Watch What you Read!
Based on the title of this article, you might think that I am going to launch into a condemnation of pornography, and pornographic literature. That would certainly be a worthwhile topic, and one which I may address at some future time. However, this time, I have something else in mind. I am actually concerned about what we read from a religiousperspective! It is no secret that there are many false teachers out there (2Pt.2:1-3; 1Jn.4:1-6). And don’t let it escape your notice that these false teachers pose as preachers and teachers of the gospel of Christ! But they do not wear warning labels. They look just like you and me. They quote Scripture (cf. Mt.4:5-6). The problem is that, sometimes, we just swallow whatever some preacher says without question – and that is unacceptable (Ac.17:11).
In this article, I will cite some actual examples from various kinds of religious literature. I will quote reference works and commentaries – works that are accepted as “authoritative.” I will show that, while such works can be helpful, we must read them with discretion. Because sometimes, they are flat wrong! Instead of relying on such works as our final authority, we must always make our final appeal to the word of God. Now, let’s get down to business...
W.E. Vine was a premillennialist. For instance, in his Expository Dictionary of the New Testament, he discusses the use of the Greek word, “parousia” (coming) with reference to the second coming of Christ. He says, “When used of the return of Christ, at the rapture of the church, it signifies, not merely His momentary ‘coming’ for His saints, but His presence with them from that moment until His revelation and manifestation to the world.” Note carefully the portion I’ve highlighted about the “rapture.” The doctrine of the rapture is a key component of premillennialism; however, the doctrine of premillennialism and/or the rapture is unknown to Scripture! This does not mean that W.E. Vine is a worthless work; it only means that we should read with discernment and discretion. Do not “swallow” everything he says; instead compare what he says with Scripture! Vine’s work is called an “expository” dictionary. This means that he expounds upon the meaning of words. This will, of necessity, involve his own conclusions – which may or may not be correct. So, I say again: read with caution!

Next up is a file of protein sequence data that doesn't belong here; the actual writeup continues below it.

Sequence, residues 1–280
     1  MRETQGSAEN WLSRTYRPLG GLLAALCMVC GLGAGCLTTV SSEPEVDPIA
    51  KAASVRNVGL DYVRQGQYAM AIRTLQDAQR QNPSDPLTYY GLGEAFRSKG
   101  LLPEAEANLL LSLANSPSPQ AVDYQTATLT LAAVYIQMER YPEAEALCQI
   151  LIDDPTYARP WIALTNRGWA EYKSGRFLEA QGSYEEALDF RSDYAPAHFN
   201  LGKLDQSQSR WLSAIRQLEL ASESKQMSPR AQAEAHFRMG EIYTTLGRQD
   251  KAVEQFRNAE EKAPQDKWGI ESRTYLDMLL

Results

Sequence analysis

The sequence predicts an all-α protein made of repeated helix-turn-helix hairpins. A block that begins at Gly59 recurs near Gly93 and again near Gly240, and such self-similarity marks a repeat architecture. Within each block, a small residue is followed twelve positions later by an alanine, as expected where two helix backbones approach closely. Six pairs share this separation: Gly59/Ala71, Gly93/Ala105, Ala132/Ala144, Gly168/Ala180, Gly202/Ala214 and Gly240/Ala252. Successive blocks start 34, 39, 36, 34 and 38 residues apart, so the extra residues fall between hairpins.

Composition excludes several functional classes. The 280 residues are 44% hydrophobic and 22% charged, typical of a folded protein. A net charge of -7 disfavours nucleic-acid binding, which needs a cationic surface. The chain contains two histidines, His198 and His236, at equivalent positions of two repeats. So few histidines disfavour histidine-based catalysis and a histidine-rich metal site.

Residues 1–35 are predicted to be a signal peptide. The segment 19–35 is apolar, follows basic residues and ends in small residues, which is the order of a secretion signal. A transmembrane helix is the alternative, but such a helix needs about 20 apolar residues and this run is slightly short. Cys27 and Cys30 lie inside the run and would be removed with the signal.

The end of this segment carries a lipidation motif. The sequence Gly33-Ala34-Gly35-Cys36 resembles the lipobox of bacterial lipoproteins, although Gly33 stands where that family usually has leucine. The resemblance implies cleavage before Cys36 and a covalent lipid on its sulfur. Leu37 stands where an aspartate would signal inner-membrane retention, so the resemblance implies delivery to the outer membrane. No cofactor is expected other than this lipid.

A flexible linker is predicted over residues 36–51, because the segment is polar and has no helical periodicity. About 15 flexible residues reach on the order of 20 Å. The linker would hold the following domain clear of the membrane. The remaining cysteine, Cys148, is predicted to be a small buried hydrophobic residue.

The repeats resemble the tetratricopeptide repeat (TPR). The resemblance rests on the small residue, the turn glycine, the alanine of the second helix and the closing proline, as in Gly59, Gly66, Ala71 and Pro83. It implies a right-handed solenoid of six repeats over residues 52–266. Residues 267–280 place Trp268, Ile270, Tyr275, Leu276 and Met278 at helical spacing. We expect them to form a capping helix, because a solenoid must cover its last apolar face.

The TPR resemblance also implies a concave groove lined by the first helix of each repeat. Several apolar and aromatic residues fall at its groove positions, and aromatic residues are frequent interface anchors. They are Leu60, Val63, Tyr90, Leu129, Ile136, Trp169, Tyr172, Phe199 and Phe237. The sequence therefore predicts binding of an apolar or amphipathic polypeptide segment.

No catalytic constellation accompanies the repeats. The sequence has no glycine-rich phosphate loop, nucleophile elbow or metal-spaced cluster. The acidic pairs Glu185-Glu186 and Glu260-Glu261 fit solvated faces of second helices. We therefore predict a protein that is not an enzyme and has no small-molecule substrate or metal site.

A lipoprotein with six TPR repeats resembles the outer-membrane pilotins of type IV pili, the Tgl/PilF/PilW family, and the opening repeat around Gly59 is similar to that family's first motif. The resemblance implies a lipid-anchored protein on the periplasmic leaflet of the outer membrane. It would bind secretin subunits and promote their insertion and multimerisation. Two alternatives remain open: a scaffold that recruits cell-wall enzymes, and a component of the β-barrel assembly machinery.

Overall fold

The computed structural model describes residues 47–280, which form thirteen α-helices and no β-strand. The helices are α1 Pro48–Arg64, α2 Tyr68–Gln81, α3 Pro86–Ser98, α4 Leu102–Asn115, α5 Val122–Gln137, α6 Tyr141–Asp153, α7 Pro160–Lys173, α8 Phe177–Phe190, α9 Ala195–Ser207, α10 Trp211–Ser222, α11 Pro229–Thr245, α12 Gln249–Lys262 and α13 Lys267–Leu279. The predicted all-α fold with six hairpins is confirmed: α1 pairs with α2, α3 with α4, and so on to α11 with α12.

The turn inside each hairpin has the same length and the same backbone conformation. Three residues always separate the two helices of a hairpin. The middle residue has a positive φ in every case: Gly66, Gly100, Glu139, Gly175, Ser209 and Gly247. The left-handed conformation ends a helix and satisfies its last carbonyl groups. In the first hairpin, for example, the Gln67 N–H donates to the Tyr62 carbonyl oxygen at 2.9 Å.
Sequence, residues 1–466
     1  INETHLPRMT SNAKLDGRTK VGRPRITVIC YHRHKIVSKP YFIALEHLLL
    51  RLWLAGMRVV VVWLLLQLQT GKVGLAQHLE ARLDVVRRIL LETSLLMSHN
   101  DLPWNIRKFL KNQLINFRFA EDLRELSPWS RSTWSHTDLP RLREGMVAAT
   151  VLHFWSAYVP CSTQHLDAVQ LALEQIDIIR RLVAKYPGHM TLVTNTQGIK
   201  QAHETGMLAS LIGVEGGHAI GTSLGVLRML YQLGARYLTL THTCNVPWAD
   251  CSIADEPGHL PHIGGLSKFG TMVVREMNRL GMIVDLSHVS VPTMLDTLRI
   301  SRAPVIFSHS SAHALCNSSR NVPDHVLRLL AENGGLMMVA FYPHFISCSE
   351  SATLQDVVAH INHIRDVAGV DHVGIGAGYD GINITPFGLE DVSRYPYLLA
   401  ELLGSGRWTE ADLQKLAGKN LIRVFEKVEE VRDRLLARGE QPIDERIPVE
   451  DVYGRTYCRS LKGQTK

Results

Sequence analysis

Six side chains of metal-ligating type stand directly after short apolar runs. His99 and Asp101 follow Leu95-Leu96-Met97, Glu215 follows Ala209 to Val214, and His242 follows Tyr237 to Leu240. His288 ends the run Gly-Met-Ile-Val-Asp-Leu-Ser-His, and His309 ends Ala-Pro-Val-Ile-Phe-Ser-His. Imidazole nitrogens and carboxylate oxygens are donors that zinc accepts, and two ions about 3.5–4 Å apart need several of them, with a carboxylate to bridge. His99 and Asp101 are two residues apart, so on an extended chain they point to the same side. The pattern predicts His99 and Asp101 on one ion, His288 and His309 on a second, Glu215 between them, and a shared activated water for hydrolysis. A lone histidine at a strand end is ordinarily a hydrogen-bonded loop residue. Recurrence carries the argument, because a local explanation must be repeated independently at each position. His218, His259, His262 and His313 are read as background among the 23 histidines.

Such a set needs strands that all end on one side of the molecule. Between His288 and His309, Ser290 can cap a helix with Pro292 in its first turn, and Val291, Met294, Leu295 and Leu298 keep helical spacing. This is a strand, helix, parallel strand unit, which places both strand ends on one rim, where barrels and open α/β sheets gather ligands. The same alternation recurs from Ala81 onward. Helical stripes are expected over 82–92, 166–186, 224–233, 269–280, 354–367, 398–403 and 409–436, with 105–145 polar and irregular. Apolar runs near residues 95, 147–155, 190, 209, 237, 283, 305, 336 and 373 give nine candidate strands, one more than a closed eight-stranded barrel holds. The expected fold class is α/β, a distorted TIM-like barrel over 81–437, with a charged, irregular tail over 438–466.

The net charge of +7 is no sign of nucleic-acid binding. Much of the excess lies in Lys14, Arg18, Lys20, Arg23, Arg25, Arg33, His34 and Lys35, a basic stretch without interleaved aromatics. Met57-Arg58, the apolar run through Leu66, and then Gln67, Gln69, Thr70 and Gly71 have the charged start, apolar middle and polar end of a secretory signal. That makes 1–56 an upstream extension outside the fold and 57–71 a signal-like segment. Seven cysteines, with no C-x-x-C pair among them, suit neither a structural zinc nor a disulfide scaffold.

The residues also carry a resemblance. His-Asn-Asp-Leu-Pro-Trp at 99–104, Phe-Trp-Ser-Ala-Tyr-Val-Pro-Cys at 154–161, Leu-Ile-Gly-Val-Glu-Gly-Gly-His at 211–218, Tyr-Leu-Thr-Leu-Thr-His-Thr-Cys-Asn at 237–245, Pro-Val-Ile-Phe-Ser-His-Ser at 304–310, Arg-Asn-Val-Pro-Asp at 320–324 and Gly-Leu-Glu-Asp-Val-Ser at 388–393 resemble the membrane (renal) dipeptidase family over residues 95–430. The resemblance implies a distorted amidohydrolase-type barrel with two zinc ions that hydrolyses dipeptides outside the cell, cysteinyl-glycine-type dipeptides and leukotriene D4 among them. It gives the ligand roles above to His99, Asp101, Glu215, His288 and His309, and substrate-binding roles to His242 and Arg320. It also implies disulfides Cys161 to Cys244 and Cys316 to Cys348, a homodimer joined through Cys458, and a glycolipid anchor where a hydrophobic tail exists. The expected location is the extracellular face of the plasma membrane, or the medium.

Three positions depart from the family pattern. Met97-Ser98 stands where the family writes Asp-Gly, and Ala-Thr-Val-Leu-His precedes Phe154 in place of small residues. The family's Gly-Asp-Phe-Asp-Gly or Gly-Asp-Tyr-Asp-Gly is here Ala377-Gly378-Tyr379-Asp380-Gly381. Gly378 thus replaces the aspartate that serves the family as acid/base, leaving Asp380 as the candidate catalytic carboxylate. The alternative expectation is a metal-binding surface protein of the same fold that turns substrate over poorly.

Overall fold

J.H. Thayer was a unitarian. This means he believed Deity exists in only one person. In discussing the Greek word, “Theos” (God), he said, “Whether Christ is called God must be determined from John 1:1; 20:28; 1 John 5:20; Rom 9:5; Titus 2:13; Heb 1:8-f, etc.; the matter is still in dispute among theologians.” While Thayer tries to be objective in his work, he does leave open the question of the Deity of Christ. In reality, virtually every Bible question is in dispute among theologians! The final arbiter of every religious question must be the Bible – NOT the theologians! If you will check the Scripture references in the quote above, it is very clear that Jesus is called God. Yet because Thayer and some theologians do not share that view, he leaves the question open in his lexicon. Once again, I say, read these reference works with caution!
Martin Luther was a Calvinist. This means many things, but one I want to mention in particular was his belief in “penal substitution” – the idea that Christ actually bore our guilt of sin; and consequently, our penalty on the cross. In his commentary on Galatians 3:13, he wrote, “And this, no doubt, all the prophets did foresee in spirit, that Christ should become the greatest transgressor, murderer, adulterer, thief, rebel, and blasphemer, that ever was or could be in the world. For he being made a sacrifice for the sins of the whole world is not now an innocent person and without sins; is not now the Son of God, born of the Virgin Mary; but a sinner which hath and carrieth the sin of Paul, who was a blasphemer, an oppressor, and a persecutor; of Peter, which denied Christ; of David, which was an adulterer, a murderer, and caused the Gentiles to blaspheme the name of the Lord; and, briefly, which hath and beareth all the sins of all people in his body: not that he himself committed them, but for that he received them, being committed or done of us, and laid them upon his own body, that he might make satisfaction for them with his own blood.” Contrast that blasphemous quote with this Scripture: “how much more shall the blood of Christ, who through the eternal Spirit offered Himself without spot to God, cleanse your conscience from dead works to serve the living God?” (Hb.9:14). What a contrast! Which Jesus do YOU believe in?
I could cite many other examples, but I am out of space. But these will suffice to make my point, which is simply this:WATCH WHAT YOU READ – yes, even if I wrote it!